“State law principles of contract formation govern the arbitrability question.” Nicosia, 834 F.3d at 231. The district court applied California law in its opinion, but acknowledged that it “[did] not view the choice between California law and New York law as dispositive with respect to the issue of whether an arbitration agreement was formed.” Meyer, 200 F.Supp.3d at 412–13. Defendants have not challenged the district court's choice of law but state that “if this Court concludes that New York law differs from California law with respect to any determinative issues, it should apply New York law.” Appellants' Br. at 17 n.2. We agree with the district court's determination that California state law applies, and note that New York and California apply “substantially similar rules for determining whether the parties have mutually assented to a contract term.” Schnabel, 697 F.3d at 119.
To form a contract, there must be “[m]utual manifestation of assent, whether by written or spoken word or by conduct.” Specht, 306 F.3d at 29. California law is clear, however, that “an offeree, regardless of apparent manifestation of his consent, is not bound by inconspicuous contractual provisions of which he is unaware, contained in a document whose contractual nature is not obvious.” Id. at 30 (quoting Windsor Mills, Inc. v. Collins & Aikman Corp., 25 Cal.App.3d 987, 101 Cal. Rptr. 347, 351 (1972)). “Thus, California contract law measures assent by an objective standard that takes into account both what the offeree said, wrote, or did and the transactional context in which the offeree verbalized or acted.” Id. at 30.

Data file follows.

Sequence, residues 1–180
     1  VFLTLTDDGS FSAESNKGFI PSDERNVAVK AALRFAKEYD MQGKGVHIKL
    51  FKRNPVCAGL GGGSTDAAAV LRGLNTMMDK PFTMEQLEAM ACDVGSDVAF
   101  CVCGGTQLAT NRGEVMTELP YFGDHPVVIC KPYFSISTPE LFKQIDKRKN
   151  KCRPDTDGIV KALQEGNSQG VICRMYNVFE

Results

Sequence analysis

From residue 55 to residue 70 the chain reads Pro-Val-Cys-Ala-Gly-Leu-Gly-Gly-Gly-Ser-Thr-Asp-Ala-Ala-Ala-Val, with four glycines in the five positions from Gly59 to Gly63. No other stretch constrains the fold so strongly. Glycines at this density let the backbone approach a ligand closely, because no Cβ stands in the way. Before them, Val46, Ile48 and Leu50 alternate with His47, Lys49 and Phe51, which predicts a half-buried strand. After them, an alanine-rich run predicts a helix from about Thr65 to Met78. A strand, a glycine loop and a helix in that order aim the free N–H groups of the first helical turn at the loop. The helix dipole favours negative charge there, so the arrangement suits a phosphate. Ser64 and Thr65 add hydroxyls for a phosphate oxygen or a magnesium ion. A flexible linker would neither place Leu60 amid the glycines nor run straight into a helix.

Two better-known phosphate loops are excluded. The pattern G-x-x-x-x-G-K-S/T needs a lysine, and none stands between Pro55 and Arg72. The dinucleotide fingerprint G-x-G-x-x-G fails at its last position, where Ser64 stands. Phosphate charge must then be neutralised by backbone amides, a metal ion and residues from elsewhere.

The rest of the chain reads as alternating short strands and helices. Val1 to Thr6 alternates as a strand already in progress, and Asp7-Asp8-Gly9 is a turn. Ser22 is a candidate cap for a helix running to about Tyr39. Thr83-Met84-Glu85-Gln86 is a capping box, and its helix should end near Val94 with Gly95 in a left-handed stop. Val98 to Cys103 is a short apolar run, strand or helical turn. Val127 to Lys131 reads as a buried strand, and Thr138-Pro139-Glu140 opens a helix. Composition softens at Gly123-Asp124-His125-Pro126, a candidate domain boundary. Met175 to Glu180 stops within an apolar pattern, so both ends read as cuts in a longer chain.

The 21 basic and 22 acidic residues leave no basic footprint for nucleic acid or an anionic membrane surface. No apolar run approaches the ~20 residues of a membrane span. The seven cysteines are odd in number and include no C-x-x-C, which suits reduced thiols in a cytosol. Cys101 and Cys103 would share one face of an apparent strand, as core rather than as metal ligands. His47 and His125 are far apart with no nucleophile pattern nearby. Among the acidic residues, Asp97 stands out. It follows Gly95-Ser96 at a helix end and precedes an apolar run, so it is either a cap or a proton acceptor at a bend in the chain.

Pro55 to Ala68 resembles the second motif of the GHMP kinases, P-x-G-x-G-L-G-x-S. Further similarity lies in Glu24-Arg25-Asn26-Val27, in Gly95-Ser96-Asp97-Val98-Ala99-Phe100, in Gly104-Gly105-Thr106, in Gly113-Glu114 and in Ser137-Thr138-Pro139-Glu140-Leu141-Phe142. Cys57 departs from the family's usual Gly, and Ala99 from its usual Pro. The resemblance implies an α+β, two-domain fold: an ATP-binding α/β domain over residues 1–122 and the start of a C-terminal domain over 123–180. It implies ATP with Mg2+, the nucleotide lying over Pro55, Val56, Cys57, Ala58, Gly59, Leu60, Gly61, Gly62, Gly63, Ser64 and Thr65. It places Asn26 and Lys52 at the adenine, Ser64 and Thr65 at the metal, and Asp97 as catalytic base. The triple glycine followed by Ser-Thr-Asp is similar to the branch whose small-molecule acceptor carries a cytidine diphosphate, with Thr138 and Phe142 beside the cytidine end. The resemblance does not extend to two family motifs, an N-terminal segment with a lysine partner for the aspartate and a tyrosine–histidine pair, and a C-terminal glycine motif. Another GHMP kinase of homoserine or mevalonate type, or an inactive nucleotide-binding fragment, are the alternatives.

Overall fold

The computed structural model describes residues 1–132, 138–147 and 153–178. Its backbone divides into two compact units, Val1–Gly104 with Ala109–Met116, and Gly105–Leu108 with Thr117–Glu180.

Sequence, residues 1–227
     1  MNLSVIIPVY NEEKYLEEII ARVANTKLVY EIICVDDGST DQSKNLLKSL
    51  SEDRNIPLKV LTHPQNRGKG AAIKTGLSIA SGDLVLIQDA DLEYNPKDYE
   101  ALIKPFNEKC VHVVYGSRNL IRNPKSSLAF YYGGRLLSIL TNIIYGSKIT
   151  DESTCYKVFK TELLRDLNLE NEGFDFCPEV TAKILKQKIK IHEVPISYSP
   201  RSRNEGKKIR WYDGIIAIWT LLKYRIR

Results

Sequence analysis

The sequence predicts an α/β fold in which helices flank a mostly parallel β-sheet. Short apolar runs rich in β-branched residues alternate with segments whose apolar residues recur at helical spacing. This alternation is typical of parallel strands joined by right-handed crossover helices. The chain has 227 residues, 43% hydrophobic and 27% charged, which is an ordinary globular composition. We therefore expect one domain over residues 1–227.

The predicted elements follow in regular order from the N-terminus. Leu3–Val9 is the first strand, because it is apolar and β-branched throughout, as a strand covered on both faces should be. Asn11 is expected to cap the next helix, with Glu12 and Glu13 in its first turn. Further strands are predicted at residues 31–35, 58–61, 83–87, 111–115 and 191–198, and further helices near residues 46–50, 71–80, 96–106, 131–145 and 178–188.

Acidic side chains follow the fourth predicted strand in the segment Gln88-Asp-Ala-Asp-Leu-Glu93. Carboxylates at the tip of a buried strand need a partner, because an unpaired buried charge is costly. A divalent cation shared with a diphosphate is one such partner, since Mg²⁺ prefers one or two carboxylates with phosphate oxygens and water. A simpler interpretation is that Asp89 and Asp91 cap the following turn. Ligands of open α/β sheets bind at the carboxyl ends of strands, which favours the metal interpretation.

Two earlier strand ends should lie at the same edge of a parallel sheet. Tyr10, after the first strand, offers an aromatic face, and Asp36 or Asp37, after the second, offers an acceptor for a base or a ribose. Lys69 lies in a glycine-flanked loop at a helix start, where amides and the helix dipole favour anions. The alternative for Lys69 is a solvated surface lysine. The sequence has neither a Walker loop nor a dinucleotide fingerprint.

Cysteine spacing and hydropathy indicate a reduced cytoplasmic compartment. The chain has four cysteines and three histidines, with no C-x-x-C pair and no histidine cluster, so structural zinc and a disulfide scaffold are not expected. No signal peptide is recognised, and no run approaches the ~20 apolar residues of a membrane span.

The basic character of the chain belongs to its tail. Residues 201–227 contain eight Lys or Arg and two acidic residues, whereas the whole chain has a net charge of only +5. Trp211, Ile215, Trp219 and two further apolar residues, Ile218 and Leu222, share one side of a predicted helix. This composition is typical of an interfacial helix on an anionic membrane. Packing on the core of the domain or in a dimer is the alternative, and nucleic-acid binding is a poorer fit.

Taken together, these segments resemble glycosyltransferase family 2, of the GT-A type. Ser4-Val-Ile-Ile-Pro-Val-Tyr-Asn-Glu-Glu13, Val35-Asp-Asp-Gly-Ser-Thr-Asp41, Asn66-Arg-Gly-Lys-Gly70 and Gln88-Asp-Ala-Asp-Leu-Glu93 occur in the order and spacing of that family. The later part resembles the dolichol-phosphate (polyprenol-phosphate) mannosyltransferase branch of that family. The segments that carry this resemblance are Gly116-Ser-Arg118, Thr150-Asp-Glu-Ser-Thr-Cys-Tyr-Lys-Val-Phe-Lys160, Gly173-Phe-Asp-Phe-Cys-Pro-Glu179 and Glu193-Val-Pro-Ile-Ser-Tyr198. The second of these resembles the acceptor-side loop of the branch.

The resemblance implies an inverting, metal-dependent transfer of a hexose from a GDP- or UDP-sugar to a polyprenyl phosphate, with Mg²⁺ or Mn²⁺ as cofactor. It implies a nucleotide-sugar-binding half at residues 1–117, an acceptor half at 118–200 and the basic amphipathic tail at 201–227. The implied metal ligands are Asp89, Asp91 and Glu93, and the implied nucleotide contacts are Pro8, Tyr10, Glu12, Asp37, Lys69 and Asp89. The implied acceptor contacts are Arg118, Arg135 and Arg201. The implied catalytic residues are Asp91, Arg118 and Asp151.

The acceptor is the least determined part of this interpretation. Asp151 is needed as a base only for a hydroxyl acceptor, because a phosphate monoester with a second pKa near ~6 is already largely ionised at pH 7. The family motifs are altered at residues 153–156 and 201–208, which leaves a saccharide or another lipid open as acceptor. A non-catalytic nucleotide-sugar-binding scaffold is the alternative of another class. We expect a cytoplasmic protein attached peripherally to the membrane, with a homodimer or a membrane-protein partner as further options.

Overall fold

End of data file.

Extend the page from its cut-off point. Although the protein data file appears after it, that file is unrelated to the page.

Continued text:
Where there is no evidence that the offeree had actual notice of the terms of the agreement, the offeree will still be bound by the agreement if a reasonably prudent user would be on inquiry notice of the terms. Schnabel, 697 F.3d at 120; Nguyen v. Barnes & Noble Inc., 763 F.3d 1171, 1177 (9th Cir. 2014). Whether a reasonably prudent user would be on inquiry notice turns on the “[c]larity and conspicuousness of arbitration terms,” Specht, 306 F.3d at 30; in the context of web-based contracts, as discussed further below, clarity and conspicuousness are a function of the design and content of the relevant interface. See Nicosia, 834 F.3d at 233.
Thus, only if the undisputed facts establish that there is “[r]easonably conspicuous notice of the existence of contract terms and unambiguous manifestation of assent to those terms” will we find that a contract has been formed. See Specht, 306 F.3d at 35.
3. Web-based Contracts
“While new commerce on the Internet has exposed courts to many new situations, it has not fundamentally changed the principles of contract.” Register.com, Inc. v. Verio, Inc., 356 F.3d 393, 403 (2d Cir. 2004). “Courts around the country have recognized that [an] electronic ‘click’ can suffice to signify the acceptance of a contract,” and that “[t]here is nothing automatically offensive about such agreements, as long as the layout and language of the site give the user reasonable notice that a click will manifest assent to an agreement.” Sgouros v. TransUnion Corp., 817 F.3d 1029, 1033–34 (7th Cir. 2016).